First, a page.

Editorial

Haiti, we're sorry... again!

Wednesday, November 07, 2012    

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THE popular legend tells of Siddhartha, a very wealthy prince who, at the age of 29 slipped out of the palace and saw poor people for the first time. That transformed his life and he became the personality known worldwide as Buddha.

Poverty is a state of the human condition which nobody wants to confront. Awareness of poverty such as that which exists in Haiti is still an experience that most people would rather not experience. People the world over who have access to electronically transmitted media have heard of Haiti's poverty and many have been made aware of the desperate plight of Haitians after the devastating earthquake of 2010.

For a fleeting moment the world community was empathetic and marshalled a massive raft of commitments to provide humanitarian aid to alleviate the mass suffering and provide development aid to rebuild Haiti.

It took an earthquake to put Haiti on the map of global consciousness. It was a short-lived moment, because truth be told, very little of the promised foreign aid has materialised and much of what little aid has been delivered has actually reached the poor. Most of the resources have been used to support a volunteer army of aid workers, non-government organisations and assorted do-gooders housed in comparative luxury to those they are supposed to help.

It took a cholera outbreak to reawaken the dormant concerns of the global community. As soon as it was clear that the disease could be confined to Haiti everyone forgot about the Haitian people.

Haiti, one of the poorest countries in the world, has been one of the world's best kept secrets, conveniently forgotten, an unwanted disturbance to the consciousness of the poor and an unwelcome reminder to the consciences of the rich.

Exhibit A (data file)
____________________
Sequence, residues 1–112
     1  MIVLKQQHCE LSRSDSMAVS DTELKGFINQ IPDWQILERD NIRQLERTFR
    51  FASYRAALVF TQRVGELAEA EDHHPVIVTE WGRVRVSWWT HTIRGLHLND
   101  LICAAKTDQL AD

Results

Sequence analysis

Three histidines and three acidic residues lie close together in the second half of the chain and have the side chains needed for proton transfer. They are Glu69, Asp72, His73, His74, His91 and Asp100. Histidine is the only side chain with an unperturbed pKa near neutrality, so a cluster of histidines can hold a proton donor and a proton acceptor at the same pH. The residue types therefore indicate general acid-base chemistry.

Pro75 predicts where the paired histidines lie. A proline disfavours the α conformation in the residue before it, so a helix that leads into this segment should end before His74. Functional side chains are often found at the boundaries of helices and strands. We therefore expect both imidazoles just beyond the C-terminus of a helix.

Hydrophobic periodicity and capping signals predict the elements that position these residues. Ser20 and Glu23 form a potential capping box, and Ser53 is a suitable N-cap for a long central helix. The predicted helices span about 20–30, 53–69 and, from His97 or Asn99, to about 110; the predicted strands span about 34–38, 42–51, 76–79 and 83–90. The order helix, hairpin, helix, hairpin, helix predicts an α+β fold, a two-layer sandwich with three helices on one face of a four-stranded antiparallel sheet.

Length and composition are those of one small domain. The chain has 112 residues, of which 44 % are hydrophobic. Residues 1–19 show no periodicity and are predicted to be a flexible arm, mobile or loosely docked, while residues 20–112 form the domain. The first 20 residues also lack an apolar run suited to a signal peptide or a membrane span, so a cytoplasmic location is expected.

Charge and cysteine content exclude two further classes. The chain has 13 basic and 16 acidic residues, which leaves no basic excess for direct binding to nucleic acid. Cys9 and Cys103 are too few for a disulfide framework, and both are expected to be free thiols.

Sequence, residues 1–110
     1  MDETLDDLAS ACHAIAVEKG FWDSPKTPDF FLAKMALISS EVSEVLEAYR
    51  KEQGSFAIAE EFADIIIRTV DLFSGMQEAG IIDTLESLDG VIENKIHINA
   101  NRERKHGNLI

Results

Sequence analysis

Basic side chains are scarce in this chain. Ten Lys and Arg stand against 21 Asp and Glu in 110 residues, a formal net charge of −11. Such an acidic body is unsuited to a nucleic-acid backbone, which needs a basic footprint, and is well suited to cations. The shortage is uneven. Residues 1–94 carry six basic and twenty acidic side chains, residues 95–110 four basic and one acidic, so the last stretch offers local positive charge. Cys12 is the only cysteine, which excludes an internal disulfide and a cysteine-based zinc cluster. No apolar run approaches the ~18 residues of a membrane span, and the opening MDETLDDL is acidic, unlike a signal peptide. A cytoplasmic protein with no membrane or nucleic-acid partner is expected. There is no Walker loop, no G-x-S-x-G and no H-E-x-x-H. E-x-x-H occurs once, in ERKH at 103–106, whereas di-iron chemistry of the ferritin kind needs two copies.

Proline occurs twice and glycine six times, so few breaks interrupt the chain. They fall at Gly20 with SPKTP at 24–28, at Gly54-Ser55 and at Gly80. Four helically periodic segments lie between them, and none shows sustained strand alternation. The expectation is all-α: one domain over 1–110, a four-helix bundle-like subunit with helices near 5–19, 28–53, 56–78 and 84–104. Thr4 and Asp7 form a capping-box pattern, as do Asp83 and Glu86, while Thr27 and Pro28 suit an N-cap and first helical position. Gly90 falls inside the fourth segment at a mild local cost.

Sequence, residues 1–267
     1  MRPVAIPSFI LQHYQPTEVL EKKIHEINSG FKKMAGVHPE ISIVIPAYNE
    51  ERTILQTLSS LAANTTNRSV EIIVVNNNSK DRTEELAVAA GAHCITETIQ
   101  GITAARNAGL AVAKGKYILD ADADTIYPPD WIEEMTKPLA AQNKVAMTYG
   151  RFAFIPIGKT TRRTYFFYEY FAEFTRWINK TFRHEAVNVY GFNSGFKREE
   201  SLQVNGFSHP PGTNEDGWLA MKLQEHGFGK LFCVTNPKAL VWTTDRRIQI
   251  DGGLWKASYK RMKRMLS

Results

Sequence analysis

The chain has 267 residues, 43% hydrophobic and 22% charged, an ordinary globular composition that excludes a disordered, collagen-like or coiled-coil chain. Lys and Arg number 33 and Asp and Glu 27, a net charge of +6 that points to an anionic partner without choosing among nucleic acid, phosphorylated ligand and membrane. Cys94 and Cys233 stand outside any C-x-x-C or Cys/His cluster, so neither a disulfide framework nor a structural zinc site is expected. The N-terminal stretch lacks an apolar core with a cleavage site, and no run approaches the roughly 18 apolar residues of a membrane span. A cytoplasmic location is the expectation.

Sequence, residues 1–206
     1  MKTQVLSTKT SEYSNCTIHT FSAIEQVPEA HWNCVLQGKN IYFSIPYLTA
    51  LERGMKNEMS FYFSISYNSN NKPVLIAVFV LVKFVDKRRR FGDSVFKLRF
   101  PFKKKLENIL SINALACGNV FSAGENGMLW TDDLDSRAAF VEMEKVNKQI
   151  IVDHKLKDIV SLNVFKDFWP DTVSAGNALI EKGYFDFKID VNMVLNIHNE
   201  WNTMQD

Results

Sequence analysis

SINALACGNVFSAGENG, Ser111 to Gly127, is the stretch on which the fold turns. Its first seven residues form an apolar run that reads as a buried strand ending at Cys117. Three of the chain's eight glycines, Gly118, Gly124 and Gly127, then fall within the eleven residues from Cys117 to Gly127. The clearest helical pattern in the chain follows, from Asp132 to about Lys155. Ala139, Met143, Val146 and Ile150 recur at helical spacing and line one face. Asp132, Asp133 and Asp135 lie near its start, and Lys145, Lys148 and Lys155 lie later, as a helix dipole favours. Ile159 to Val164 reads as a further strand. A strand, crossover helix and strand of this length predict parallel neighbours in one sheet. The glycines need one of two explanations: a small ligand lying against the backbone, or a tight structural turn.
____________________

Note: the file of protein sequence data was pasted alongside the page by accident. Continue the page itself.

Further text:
It has taken the ravages of Hurricane Sandy to bring the condition of the poor people of Haiti back on the agenda of the world community. We suspect based on history that Haiti will once again be a quickly vanishing blimp on the world's radar screen.

This is a very sad commentary on mankind and the lack of caring and the absence of a sense of responsibility of the majority of those who can afford to help. It is this attitude which makes life for Haitians and millions of people all over the globe, short, nasty and brutish. It is not the lack of resources in the world nor inadequate production. The world produces enough food to provide an adequate diet for the world's population, but some eat too much, some do not get enough and some get none.

What will it take to change this if not even an earthquake or a hurricane can get sustained attention for Haiti? Even if it is out of enlightened self-interest, the rest of the world should remember that none of us is insulated from the ravages of disasters. If we had any doubts, we need look no further than the eastern seaboard of the United States where Sandy has struck a devastating blow to the economy of the world's most powerful country.

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